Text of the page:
The situation of agricultural sector in Hungary – trends and territorial aspects

Based on its geographical features, Hungary is basically an agricultural country. The proportion of the production area within the total area of the country is approximately 80% and the proportion of arable land is 60%. This makes our country one of the first in the European Union. In the EU, only Denmark and the United Kingdom have a higher proportion of agricultural land. Hungary accounts for only 3% of the total agricultural area of ​​the EU-27 Member States, however, it plays a significant role in the production of certain products. (Harangi-Rákos, 2013)

In addition, the climate is favorable for agricultural production, which also strengthens the country's agricultural character. Throughout history, we have rightly been given the honorable name “pantry” (Marosi, 2009), which was true both within the Monarchy and Europe. In the socialist system the agricultural country became a so-called “industrial-agrarian” country due to the violent industrializations.

Beyond industrial development, the service sector plays an important role in the national economy due to its technology-intensive nature. In addition, agricultural production is still significant in Hungary (Lakner et al. 2020). The agricultural sector is significantly involved in the production of the gross domestic product (Fróna-Kőmíves 2019) and in the positive development of the export-import balance. During the 2008 world crisis, it was thanks to this sector, among other factors, that the recession that affected our country did not deepen. The domestic consumption is largely covered by domestically produced commodities (Csatáriné, 2019)

Examination of the Hungarian esport ecosystem throgh international examples

Esport was very close to be medal awarded competition at the 2022 Asian Games, finally esport excluded from the Asian Games but all is not lost that is delayed. We have come a long way since the first real esport tournament, for which the first-place prize was a year-long Rolling stone magazine subscription. Nowadays in the digitalized world esport develops faster than any other sport, and plays an important role in the entertainment industry as well. Stadiums are crowded, streams are watched by millions worldwide, and the pace doesn’t seem to ease up in the future either. As Hungary is trying to step onto international waters, our main goal was to make a comprehensive review of the Hungarian esport ecosystem analyzing the national picture of electronic sport. Although there is not much domestic literature regarding the topic, as a secondary research we choose to use available Hungarian papers to piece together a comprehensive picture. We move on step by step through the biggest stakeholders: the publishers, the biggest domestic competitions, the most successful players, platforms, brands and of course the fans in domestic circles.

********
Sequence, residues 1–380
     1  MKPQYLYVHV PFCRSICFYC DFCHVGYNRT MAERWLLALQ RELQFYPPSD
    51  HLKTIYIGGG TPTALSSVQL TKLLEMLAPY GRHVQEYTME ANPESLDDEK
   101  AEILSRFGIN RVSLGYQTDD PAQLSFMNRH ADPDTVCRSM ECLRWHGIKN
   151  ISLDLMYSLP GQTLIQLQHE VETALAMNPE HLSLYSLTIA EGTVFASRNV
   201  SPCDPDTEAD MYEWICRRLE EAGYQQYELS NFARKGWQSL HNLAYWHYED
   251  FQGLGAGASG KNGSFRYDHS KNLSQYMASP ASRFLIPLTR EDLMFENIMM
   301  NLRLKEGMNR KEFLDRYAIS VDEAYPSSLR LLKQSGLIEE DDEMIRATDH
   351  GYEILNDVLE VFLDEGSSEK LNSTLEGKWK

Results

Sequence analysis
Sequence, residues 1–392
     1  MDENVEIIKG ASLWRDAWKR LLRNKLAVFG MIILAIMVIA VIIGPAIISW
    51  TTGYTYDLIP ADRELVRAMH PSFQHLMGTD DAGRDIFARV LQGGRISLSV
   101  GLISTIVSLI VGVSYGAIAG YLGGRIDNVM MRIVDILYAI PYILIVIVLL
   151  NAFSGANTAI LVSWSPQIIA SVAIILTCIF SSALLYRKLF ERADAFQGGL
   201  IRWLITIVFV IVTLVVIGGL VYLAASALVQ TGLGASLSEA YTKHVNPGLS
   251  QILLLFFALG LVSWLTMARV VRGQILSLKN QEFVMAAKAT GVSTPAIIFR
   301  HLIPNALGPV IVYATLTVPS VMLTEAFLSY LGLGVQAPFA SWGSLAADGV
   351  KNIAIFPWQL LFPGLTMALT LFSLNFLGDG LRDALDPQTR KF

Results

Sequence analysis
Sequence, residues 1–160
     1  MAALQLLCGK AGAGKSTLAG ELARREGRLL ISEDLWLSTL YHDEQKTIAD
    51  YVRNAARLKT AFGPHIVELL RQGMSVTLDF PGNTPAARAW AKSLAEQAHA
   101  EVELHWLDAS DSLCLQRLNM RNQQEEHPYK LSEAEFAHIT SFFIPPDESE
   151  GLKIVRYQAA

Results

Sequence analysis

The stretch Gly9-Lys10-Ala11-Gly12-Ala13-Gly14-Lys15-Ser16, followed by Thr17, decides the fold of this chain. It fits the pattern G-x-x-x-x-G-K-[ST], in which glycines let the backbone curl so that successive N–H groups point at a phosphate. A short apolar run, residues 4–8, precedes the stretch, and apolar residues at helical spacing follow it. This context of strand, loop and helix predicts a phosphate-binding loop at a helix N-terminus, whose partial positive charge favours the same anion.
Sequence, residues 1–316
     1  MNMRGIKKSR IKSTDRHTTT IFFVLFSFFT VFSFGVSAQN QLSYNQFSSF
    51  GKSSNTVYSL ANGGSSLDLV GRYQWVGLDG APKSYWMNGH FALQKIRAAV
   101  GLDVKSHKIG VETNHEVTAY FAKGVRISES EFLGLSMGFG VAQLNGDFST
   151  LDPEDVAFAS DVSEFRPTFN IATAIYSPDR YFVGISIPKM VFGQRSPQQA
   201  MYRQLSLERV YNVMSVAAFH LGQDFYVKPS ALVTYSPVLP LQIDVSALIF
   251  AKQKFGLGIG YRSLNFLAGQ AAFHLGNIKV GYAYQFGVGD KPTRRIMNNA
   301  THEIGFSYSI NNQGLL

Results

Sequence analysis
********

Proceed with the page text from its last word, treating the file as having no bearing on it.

JEL code: Z29

Performance imbalances in the chain: EU traditional food sector

Organizations nowadays no longer competeas independent entities, but as chains(Christopher, 1998; Cox, 1999; Lambertand Cooper, 2000). Hence, being part of a well-performing chain is crucial for the future of the individual food firm, especially in the context of the globalizing economy. As a result, the objective of this study is to identify performance imbalances of traditional food chains.Therefore, quantitative data were collected via individual interviews with 271 chain member (91 suppliers, 91 focal companies and 89 customers) of 91 traditional food chains from three European countries(Belgium, Italy and Hungary), representing six different traditional food product categories (cheese, beer, ham, sausage, white pepper and bakery). The results differentiate six different kinds of chain imbalances, namely: dyadic upper and lower, up-and down stream, internal and external indicate both dyadic and chain-wise imbalance. Most chain imbalances are noticed in relation to lowering logistic costs and to reducing lead time. Future research should extend the list of performance indicators with parameters other than economical ones such as ecological and social ones.

Responsible behaviour or business? Social responsibility (CSR) in sport management